Theatre: Ibsen wins O'Rowe-style
Hedda Gabler is motivated by a series of superficial pre-occupations as much as by her deep-seated determination never to be dominated, and always to have power over another individual. At least that is how Catherine Walker paints her from her entrance in Mark O'Rowe's new adaptation of Ibsen's Hedda Gabler at the Abbey. Walker makes her more than idly malicious; she is determinedly sulky and dissatisfied, innately cruel, and arguably verging on nymphomania.
The clarity of O'Rowe's modern dialogue is the obvious begetter of Walker's version…or perhaps more accurately the version of director Annabelle Comyn: but it is instantly arresting and absorbing. (Only the proliferation of "OK" and "I'm fine" jar against the Edwardian setting.) Hedda becomes more a person than a type more clearly than in any version I have seen.
In early productions, it was Hedda's casual discussion with Judge Brack, in almost academic terms, of the possibility and desirability of a ménage a trois, that shocked audiences as much as her vicious manipulation of Lovborg's vulnerability for her own jealous ends. That she tops it with a "new woman" lack of femininity in choosing suicide rather than accepting sexual blackmail with the likelihood of the ménage coming home to roost, gave the play its original notoriety.
In O'Rowe's version, the debate between Hedda and the Judge has a frisson of sexual foreplay, just as the prospect of social ruin if she is forced into court in a messy public scandal plays a part in Hedda's decision to blow her brains out, even if the overall motivation is despair at losing control over her own destiny. There's a "put up or shut up" element at work as Hedda's malice is out-manoeuvred by the man who is as cold-bloodedly manipulative as she aspires to be.
Comyn's directorial trademark of creating a near-perfect example of ensemble work is well to the fore in this production, as is the elegance of Paul O'Mahony's cool spacious set. It's a kind of well-bred restraint without the twee porcelain veneer of narrow suburban values, and the two combine to counterpoint the harsh intellectual demands of Ibsen's outsider stance on what were to become known as "family values."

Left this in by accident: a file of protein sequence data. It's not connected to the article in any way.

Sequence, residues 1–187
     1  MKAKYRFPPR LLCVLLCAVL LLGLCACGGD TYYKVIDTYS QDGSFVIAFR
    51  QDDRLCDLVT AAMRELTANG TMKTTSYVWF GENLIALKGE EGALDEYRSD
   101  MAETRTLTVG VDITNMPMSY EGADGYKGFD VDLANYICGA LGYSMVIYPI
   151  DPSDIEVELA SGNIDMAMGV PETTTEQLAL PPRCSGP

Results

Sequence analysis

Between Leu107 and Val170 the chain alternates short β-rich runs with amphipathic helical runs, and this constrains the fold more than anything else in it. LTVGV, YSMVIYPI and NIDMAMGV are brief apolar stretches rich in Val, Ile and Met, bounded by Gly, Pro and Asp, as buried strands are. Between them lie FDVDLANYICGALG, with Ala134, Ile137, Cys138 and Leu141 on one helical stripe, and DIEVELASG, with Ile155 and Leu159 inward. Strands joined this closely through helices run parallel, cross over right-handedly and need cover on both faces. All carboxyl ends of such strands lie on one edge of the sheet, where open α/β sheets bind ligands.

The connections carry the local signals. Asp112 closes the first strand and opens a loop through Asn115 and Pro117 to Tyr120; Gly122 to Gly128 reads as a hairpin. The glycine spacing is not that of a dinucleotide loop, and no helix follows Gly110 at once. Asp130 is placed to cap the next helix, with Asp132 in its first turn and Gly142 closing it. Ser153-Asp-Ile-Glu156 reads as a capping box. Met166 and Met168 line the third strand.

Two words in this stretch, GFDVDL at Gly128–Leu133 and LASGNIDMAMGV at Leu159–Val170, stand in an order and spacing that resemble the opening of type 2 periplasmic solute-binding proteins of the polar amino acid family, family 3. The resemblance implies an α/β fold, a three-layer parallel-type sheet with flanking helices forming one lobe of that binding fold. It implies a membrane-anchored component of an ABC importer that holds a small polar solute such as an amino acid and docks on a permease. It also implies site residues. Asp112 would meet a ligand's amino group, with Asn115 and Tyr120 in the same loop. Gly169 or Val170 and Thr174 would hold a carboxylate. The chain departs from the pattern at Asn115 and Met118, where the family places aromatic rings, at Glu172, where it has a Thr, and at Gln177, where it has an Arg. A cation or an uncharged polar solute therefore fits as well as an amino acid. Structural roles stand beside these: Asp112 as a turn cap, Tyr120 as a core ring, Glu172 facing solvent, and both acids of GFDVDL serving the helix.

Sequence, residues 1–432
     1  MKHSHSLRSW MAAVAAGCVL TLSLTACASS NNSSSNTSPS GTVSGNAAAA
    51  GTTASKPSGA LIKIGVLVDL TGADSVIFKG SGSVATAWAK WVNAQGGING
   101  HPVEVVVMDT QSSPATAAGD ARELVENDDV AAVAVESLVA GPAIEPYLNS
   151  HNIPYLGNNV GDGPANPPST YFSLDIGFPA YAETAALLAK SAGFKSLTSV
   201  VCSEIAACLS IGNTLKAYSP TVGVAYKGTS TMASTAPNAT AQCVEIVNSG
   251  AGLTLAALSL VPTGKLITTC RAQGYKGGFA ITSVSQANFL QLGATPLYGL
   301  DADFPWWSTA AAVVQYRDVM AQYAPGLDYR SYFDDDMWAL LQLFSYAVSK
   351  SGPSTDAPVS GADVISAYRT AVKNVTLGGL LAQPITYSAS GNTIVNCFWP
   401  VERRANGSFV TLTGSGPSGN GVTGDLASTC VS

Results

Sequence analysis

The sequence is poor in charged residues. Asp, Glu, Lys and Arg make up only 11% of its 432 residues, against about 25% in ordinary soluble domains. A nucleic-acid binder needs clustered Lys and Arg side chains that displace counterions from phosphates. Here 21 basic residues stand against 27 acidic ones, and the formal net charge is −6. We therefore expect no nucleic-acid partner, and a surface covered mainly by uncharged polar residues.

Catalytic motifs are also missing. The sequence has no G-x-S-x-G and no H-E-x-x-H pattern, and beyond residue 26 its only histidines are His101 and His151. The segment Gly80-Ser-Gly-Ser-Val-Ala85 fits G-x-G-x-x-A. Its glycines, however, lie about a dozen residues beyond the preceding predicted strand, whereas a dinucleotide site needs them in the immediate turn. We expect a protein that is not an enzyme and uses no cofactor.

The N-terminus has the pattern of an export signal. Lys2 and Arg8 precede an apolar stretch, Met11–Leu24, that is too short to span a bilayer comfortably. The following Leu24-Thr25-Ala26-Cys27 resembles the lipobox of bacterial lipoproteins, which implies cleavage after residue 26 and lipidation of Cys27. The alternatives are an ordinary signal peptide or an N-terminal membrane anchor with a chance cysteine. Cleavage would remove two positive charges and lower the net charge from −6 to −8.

How he would have reacted if he knew that more than a century after his death, middleclass women with all the advantages of equal education with men, would still be misinterpreting the nature of equality, can only be guessed at. There are many more Hedda Gablers around than there are quietly pioneering Thea Elvsteds (the young woman indifferent to social infamy in pursuit of both love and learning.)
And Kate Stanley Brennan makes Thea as vulnerable as she is stoic, while Peter Gaynor achieves the almost impossible in making Tesman as endearing a husband for the ungrateful Hedda as he is numbingly boring. Keith McErlean is a good combination of self-loathing and emotional confusion as the alcoholic Ejlert Lovborg. Jane Brennan supplies a stoic Aunt Julle.
But the production undoubtedly belongs to Walker and to Declan Conlon as a spine-chillingly cynical immoraliste Judge Brack.
The perfect lighting and costumes are respectively from Chahine Yavroyan and Peter O'Brien, and the AV design is by Hugh O'Conor. Music and sound are by Philip Stewart.
This Hedda Gabler is a classic theatre concoction smoothly blended into the world of 2015.
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